2009-05-01

    Use of unmanned systems is rapidly growing within the military and civilian sectors in a variety of roles including reconnaissance, surveillance, explosive ordinance disposal (EOD), and force-protection and perimeter security. As utilization of these systems grows at an ever increasing rate, the need for unmanned systems teaming and inter-system collaboration becomes apparent. Collaboration provides a means of enhancing individual system capabilities through relevant data exchange that contributes to cooperative behaviors between systems and enables new capabilities not possible if the systems operate independently. A collaborative networked approach to development holds the promise of adding mission capability while simultaneously reducing the workload of system operators. The Joint Collaborative Technology Experiment (JCTE) joins individual technology development efforts within the Air Force, Navy, and Army to demonstrate the potential benefits of interoperable multiple system collaboration in a force-protection application. JCTE participants are the Air Force Research Laboratory, Materials and Manufacturing Directorate, Airbase Technologies Division, Force Protection Branch (AFRL/RXQF); the Army Aviation and Missile Research, Development, and Engineering Center Software Engineering Directorate (AMRDEC SED); and the Space and Naval Warfare Systems Center - Pacific (SSC Pacific) Unmanned Systems Branch operating with funding provided by the Joint Ground Robotics Enterprise (JGRE). This paper will describe the efforts to date in system development by the three partner organizations, development of collaborative behaviors and experimentation in the force-protection application, results and lessons learned at a technical demonstration, simulation results, and a path forward for future work.

  3. Ideas for Teacher Collaboration. What Happens When Teachers Collaborate?

    ERIC Educational Resources Information Center

    Beeken, Lois A.; And Others

    1992-01-01

    Research reports show that in many schools, teachers are isolated and have little chance for professional collaboration with fellow teachers. However, research also demonstrates that when teachers collaborate, instruction improves. Seven examples of teacher collaboration throughout the United States show how collaboration can be implemented and…

  4. Collaborative engagement experiment (CEE)

    NASA Astrophysics Data System (ADS)

    Wade, Robert L.; Reames, Joseph M.

    2005-05-01

    Unmanned ground and air systems operating in collaboration have the potential to provide future Joint Forces a significant capability for operations in complex terrain. Ground and air collaborative engagements potentially offer force conservation, perform timely acquisition and dissemination of essential combat information, and can eliminate high value and time critical targets. These engagements can also add considerably to force survivability by reducing soldier and equipment exposure during critical operations. The Office of the Secretary of Defense, Joint Robotics Program (JRP) sponsored Collaborative Engagement Experiment (CEE) is a consolidation of separate Air Force, Army and Navy collaborative efforts to provide a Joint capability. The Air Force Research Laboratory (AFRL), Material and Manufacturing Directorate, Aerospace Expeditionary Force Division, Force Protection Branch (AFRLMLQF), The Army Aviation and Missile Research, Development and Engineering Center (AMRDEC) Joint Technology Center (JTC)/Systems Integration Laboratory (SIL), and the Space and Naval Warfare Systems Center-San Diego (SSC San Diego) are conducting technical research and proof of principle for an envisioned operational concept for extended range, three dimensional, collaborative operations between unmanned systems, with enhanced situational awareness for lethal operations in complex terrain. This program will assess information requirements and conduct experiments to identify and resolve technical risks for collaborative engagements using Unmanned Ground Vehicles (UGVs) and Unmanned Aerial Vehicles (UAVs). It will research, develop and physically integrate multiple unmanned systems and conduct live collaborative experiments. Modeling and Simulation systems will be upgraded to reflect engineering fidelity levels to greater understand technical challenges to operate as a team. This paper will provide an update of a multi-year program and will concentrate primarily on the JTC/SIL efforts. Other papers will outline in detail the Air Force and Navy portions of this effort.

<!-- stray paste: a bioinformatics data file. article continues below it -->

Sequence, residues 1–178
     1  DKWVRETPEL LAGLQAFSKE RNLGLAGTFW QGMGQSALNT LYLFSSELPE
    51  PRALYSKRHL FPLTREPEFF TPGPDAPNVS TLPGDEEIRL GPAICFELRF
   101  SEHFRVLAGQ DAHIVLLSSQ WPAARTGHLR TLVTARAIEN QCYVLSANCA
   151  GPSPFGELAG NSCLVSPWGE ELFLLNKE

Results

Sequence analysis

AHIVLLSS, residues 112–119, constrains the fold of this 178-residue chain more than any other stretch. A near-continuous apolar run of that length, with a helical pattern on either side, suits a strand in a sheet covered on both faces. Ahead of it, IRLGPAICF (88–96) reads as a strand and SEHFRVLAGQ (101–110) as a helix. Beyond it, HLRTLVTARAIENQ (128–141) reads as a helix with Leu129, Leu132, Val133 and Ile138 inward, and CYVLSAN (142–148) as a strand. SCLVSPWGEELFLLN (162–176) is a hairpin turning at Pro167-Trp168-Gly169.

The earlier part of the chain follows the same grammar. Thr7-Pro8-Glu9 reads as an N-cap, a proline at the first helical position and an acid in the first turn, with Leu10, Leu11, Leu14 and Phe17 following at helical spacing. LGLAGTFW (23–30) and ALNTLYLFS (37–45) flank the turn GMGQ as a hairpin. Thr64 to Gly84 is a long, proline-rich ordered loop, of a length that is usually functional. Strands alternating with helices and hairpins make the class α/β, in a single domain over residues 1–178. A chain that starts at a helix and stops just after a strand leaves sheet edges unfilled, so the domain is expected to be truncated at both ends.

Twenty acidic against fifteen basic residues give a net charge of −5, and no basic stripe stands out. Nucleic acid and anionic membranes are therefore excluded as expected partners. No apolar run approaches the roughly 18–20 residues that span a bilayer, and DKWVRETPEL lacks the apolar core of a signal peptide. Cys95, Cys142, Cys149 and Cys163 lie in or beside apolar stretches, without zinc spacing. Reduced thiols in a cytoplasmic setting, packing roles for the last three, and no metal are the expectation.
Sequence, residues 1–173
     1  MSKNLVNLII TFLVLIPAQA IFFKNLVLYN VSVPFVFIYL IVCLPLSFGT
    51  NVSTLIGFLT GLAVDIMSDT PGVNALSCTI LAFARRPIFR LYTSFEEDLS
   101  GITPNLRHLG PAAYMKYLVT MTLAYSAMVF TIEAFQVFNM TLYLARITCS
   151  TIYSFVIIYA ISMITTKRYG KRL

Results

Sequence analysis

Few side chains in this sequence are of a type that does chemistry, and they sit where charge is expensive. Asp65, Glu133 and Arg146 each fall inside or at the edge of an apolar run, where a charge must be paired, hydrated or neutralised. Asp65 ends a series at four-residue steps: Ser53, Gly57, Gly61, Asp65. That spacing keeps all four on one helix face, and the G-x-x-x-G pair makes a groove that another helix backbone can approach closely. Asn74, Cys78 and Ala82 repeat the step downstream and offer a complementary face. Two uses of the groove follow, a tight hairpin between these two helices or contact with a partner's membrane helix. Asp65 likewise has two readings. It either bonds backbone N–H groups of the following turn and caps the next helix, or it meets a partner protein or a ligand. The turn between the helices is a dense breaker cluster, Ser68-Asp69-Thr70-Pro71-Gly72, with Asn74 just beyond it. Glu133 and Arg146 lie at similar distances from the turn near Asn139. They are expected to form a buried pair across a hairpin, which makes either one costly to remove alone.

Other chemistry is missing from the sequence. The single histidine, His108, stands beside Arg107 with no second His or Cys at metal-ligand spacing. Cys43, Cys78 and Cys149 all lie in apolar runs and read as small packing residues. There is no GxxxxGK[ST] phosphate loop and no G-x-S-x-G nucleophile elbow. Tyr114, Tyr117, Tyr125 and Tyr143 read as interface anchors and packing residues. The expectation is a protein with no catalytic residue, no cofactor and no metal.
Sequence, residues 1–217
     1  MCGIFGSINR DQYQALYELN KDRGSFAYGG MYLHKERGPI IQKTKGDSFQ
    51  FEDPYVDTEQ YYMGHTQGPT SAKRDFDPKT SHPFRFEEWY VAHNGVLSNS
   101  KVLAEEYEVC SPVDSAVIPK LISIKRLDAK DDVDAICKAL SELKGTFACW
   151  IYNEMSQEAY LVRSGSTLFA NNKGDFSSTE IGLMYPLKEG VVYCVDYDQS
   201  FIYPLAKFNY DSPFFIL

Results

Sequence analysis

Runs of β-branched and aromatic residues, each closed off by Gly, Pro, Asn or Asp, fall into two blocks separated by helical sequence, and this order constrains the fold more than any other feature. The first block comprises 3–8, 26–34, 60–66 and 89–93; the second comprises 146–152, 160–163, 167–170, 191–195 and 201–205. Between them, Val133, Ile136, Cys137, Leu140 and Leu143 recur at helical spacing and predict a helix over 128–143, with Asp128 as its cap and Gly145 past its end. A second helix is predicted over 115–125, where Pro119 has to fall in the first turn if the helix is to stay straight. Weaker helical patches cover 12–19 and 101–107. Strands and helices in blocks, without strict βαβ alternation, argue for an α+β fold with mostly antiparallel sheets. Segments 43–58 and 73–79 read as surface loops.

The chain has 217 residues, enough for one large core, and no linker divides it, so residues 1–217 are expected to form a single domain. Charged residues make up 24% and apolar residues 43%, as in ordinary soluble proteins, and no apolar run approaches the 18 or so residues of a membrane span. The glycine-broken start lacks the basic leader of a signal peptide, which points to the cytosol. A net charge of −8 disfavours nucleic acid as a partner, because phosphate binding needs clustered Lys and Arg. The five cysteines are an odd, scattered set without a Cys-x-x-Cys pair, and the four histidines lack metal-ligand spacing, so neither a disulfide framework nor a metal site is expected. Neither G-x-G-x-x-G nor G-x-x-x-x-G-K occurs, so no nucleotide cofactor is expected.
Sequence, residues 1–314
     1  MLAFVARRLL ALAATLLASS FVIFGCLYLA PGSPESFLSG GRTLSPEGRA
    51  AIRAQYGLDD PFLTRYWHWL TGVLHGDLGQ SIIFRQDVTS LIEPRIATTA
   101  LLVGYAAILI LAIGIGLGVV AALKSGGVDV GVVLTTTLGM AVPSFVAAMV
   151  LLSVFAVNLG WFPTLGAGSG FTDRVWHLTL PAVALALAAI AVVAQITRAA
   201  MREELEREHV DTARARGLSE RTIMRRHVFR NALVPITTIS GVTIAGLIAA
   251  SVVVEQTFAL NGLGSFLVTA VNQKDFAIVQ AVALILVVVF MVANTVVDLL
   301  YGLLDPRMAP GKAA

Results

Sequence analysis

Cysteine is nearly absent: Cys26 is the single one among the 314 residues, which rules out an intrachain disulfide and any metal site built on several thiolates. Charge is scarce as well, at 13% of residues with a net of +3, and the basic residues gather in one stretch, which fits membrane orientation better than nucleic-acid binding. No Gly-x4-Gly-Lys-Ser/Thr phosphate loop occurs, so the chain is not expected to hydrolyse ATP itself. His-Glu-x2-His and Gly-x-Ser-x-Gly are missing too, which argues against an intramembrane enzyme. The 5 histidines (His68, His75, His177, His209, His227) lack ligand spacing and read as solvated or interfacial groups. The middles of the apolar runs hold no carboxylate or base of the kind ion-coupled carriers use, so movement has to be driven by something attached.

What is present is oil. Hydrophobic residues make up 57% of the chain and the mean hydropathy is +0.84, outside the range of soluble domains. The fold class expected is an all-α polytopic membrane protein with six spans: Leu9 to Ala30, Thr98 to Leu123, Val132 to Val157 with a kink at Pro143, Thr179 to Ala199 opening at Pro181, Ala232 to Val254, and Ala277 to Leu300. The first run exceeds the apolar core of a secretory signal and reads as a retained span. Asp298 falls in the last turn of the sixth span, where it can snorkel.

5. Battlefield agent collaboration

    NASA Astrophysics Data System (ADS)

    Budulas, Peter P.; Young, Stuart H.; Emmerman, Philip J.

    2001-09-01